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David Lewis

(1917—2003)


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(1917–2003),

New Zealand deep-sea yachtsman, anthropologist, doctor, and adventurer. He was awarded the New Zealand Order of Merit and also received many awards from nautical and scientific bodies. In 1960 he sailed his boat Cardinal Vertue in the first single-handed transatlantic race (see yachting: transoceanic racing) and later, in Rehu Moana, completed the first circumnavigation of the globe by catamaran accompanied by his wife and two small children. He wrote twelve books, at least two of which may well be numbered among the classics of contemporary marine literature. We, the Navigators (and to some extent its sequel The Voyaging Stars) is a masterly account of a nine-month voyage in the auxiliary ketch Isbjorn to investigate the navigational concepts and methods used by indigenous Pacific islanders. These were essentially a system of dead reckoning based on observation rather than measurement. No artefacts were used and myth and metaphor were the method of organizing navigational information.

We, the Navigators makes a profound and unique contribution to our understanding of the art of navigation by means other than measurement. Lewis made his investigation just in time, before the indigenous methods of navigating used in the Micronesian, Polynesian, and Melanesian islands ceased to be practised by a navigator caste, trained from boyhood and dedicated to their task.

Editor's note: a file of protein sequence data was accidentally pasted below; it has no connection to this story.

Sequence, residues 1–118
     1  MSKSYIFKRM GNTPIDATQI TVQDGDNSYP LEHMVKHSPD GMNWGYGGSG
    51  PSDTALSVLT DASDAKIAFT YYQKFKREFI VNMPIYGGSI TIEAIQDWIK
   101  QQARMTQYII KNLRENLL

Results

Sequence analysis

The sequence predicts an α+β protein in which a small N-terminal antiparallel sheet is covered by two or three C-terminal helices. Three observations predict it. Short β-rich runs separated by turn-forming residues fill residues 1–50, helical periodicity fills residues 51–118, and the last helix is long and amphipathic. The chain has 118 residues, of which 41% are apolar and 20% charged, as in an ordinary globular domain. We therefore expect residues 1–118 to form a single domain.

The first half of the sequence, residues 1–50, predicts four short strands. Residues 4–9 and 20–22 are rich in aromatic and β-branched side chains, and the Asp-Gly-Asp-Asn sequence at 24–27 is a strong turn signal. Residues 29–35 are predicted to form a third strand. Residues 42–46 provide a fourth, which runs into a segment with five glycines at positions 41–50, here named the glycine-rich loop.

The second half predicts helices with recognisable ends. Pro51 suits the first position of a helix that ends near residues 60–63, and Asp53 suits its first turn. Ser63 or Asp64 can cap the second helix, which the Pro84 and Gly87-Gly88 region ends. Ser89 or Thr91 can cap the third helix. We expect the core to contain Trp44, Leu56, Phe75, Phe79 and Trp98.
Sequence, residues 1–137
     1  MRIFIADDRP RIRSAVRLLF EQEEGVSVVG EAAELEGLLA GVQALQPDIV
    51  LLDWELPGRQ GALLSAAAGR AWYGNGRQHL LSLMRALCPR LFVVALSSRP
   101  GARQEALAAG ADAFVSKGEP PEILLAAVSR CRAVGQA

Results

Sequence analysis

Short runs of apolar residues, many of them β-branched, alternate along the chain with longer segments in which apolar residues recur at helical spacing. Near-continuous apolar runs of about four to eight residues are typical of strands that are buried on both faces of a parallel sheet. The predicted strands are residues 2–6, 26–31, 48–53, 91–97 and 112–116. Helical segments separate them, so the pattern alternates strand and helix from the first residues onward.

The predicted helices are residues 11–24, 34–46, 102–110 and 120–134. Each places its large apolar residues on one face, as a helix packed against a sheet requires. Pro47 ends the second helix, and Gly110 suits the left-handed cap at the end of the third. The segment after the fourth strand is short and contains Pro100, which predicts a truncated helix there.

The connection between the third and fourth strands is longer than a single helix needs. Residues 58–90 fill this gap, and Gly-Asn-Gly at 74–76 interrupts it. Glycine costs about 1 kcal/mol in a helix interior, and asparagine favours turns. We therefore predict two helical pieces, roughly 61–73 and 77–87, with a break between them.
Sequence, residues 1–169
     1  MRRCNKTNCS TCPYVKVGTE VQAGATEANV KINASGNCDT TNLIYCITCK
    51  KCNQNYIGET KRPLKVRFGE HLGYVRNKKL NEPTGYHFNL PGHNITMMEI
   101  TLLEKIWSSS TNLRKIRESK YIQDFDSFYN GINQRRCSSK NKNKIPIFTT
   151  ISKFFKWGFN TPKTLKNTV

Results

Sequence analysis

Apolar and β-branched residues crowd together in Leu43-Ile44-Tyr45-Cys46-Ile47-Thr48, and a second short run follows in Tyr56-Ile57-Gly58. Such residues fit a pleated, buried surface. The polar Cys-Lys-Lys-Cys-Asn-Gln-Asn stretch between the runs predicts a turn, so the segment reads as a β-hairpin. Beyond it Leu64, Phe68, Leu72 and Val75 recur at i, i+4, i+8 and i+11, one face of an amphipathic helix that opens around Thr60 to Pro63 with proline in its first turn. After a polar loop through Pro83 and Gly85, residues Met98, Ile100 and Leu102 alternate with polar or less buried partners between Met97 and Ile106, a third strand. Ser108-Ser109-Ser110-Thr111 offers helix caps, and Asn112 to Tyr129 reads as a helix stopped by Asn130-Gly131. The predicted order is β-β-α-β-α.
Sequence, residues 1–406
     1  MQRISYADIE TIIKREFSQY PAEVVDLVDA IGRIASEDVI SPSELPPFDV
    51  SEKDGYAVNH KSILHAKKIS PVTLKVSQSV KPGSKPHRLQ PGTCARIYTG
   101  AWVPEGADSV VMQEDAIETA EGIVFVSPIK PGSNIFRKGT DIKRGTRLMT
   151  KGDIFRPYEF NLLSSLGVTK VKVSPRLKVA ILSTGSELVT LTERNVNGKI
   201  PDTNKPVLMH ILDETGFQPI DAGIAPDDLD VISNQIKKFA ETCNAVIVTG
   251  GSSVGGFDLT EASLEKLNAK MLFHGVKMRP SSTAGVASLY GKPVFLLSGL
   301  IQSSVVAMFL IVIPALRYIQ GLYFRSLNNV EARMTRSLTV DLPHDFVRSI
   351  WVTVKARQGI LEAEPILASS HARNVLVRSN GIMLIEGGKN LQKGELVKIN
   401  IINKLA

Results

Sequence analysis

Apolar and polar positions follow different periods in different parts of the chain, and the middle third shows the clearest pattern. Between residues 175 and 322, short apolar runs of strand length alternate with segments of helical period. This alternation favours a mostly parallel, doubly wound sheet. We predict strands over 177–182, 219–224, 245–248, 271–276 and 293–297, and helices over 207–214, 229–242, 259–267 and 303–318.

Ice Bird, by contrast, is a hair-raising account of Lewis's attempt in 1972 to circumnavigate the Antarctic continent on his own. Quite apart from the atrocious conditions, the (finally abortive) voyage proved to be a remarkable feat of navigation. His later expeditions, always with some scientific purpose in mind, took him to the Australian desert and, in a wide variety of craft, three times to the Antarctic, to the Soviet Arctic tundra of Chukotea, and to Melanesia. From boyhood (‘shy and solitary, a poor mixer and an indifferent student’, as he relates) it seems to have been the beauty of the natural world that so challenged him. His contributions to navigation alone have, in many ways, been unique.

Dr Lewis's publications include: Dreamers of the Day (1964), Daughters of the Wind (1967), Children of the Three Oceans (1969), and We, the Navigators (1972), 2nd edn. ed. Sir Derek Oulton (1994).

Mike Richey

Subjects: Maritime History.


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